This fall when the International Telecommunication Union’s next WRC begins, the satellite industry will have its attention divided on multiple fronts ranging from new rules for smallsats to losing satellite airwaves to 5G cellular networks, creating a fear that efforts could be spread too thin to give each topic the attention it needs.
There is no slowdown in the pace of satellite innovations: reading the press, it seems that every week brings another new example of how satellite industry could have profound impact on improving people’s lives.
Regulators worry that the ITU’s current bring-into-use rules make it too easy for companies to warehouse spectrum, potentially tying up valuable non-geostationary satellite orbit (NGSO) frequencies for years without introducing new satellite services.
The mobile network operators that strove with limited success to obtain large chunks of C-band spectrum two years ago in Geneva will try again in 2019 to secure more spectrune future 5G networks.
The U.S. Federal Communications Commission’s bare-knuckled attack on satellite operators’ refusal to share Ka-band spectrum with future 5G terrestrial mobile providers ripped through the Satellite 2016 conference here like a cold mountain wind.
Global satellite regulators, in a decision some fear could undermine coordinated management of satellite orbital slots, have granted Egypt three additional years to launch a civil/military telecommunications satellite whose launch deadline was next May.
The Nov. 21 launch of LaoSat-1 highlights three trends changing the global satellite telecommunications market, including regulators' willingness to relax the rules for poor nations.
The United States and Germany, backed by several large commercial satellite fleet operators, are fighting an uphill battle to persuade global governments to allocate Ku- or Ka-band satellite spectrum for the command and control of unmanned aerial vehicles on transoceanic or trans-continental routes.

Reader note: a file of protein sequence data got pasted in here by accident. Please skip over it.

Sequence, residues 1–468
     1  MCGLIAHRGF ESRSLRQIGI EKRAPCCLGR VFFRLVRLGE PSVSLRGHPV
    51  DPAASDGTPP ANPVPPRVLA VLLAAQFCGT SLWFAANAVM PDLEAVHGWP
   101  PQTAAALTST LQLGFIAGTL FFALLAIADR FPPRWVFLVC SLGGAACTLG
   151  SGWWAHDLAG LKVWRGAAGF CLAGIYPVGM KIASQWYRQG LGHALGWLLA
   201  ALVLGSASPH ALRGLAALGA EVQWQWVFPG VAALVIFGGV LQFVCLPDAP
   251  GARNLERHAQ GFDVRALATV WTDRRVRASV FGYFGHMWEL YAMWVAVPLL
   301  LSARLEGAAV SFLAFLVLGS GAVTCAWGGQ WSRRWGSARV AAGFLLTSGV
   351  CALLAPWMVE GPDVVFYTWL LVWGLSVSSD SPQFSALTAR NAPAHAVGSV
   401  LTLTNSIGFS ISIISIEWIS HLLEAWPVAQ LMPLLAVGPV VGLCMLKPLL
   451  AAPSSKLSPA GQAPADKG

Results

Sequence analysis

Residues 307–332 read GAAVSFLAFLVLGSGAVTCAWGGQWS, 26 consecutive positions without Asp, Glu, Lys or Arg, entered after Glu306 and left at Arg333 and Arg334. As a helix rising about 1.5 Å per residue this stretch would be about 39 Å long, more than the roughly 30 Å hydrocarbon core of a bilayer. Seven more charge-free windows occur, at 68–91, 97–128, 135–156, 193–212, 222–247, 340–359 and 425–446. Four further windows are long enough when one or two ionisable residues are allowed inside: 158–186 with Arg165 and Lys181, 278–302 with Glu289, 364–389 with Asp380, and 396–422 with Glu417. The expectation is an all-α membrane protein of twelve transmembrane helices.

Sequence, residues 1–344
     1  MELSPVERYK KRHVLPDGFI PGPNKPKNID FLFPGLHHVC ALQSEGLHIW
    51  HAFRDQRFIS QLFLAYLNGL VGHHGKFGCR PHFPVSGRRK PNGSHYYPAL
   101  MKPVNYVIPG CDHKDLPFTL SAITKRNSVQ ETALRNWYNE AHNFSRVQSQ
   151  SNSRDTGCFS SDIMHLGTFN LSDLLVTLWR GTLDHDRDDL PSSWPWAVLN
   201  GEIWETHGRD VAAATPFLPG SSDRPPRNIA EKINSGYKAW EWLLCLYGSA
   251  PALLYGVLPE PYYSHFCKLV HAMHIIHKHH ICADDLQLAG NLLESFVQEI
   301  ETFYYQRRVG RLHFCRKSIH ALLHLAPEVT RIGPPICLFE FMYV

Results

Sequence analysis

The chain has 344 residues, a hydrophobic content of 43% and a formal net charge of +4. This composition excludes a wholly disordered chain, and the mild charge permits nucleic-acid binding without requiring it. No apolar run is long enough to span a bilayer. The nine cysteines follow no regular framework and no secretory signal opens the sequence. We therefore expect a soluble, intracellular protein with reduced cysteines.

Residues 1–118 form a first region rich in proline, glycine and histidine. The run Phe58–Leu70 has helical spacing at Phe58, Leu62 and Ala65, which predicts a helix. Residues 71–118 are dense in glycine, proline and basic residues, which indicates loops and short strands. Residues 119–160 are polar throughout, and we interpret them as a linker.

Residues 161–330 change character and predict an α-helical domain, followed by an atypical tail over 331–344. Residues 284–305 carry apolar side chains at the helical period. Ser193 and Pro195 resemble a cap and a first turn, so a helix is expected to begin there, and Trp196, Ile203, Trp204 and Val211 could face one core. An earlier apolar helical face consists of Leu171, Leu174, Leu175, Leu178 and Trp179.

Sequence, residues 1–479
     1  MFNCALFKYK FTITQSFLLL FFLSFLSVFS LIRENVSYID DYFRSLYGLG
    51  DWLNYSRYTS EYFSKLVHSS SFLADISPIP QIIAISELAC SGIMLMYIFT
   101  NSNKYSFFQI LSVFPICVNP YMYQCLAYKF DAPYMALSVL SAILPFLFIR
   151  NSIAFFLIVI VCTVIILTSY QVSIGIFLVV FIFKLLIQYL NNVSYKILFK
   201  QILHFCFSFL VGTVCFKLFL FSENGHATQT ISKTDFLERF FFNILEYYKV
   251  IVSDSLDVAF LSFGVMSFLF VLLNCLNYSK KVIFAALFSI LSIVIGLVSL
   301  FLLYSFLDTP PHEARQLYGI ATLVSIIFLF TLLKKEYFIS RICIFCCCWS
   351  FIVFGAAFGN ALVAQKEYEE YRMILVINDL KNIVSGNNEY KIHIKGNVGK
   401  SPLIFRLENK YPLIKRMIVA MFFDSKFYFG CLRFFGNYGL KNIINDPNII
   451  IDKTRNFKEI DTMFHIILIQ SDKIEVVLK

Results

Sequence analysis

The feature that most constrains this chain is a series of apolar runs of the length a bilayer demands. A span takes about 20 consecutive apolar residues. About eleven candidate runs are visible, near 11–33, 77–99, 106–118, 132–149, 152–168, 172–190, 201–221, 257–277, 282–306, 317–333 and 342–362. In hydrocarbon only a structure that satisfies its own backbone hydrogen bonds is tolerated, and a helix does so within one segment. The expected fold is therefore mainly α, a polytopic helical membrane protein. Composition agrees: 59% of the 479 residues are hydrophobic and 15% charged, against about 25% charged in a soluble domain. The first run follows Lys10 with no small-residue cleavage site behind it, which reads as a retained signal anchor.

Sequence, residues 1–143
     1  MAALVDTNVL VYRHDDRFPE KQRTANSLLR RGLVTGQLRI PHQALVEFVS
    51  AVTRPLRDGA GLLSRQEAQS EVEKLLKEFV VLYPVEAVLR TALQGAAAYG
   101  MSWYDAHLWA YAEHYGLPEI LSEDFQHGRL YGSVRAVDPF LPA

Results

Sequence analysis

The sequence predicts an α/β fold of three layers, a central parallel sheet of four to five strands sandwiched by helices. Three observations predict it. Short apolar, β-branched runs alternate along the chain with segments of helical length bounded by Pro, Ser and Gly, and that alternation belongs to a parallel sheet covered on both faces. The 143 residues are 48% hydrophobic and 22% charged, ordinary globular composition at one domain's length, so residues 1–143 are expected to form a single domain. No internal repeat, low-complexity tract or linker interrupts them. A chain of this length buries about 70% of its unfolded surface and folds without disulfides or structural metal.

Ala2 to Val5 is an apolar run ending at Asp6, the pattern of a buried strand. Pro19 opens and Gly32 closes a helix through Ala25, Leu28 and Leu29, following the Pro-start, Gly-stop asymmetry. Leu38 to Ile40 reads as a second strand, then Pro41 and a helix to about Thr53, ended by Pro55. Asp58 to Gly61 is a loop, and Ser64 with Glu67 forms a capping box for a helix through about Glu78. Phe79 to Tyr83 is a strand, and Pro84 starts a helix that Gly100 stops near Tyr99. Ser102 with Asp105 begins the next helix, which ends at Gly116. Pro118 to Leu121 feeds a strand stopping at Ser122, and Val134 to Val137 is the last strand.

Global governments’ approval of radio spectrum permitting aircraft to provide additional tracking data to satellites reduces the chance of another lost jet like Malaysian Airlines MH370 and immediately improves the business case for Iridium Satellites and its Aireon LLC aircraft-tracking affiliate.
A proposed wave of low Earth orbit communications satellite constellations could become an interference hazard for satellites in geostationary orbit even if those new systems comply with existing rules, some satellite operators fear.
The British dominance includes seven registrations with the United Kingdom’s Ofcom and nine filed through British Crown Dependencies and Overseas Territories.
Satellite operators have long been aware of the challenge they face from terrestrial broadband providers for C-band spectrum at the World Radiocommunication Conference (WRC-2015) this November in Geneva. The question is what they’re going to do about it.
The International Telecommunication Union (ITU), frustrated that the satellite industry appears incapable of defending its own interests, is calling on ITU governments to submit letters attesting to the importance of satellite C-band radio spectrum before terrestrial broadband networks take it away from them.
Measuring the future value of radio spectrum is difficult. When the spectrum is not auctioned, but allocated by regulatory ruling, value assessment is even tougher. One measure is corporate attendance at ITU meetings.
International radio-frequency regulators agreed to address satellite-based global commercial aircraft tracking when they meet at WRC-15 to allocate spectrum that will also decide whether frequencies currently reserved for satellite services will be opened to terrestrial broadband wireless networks.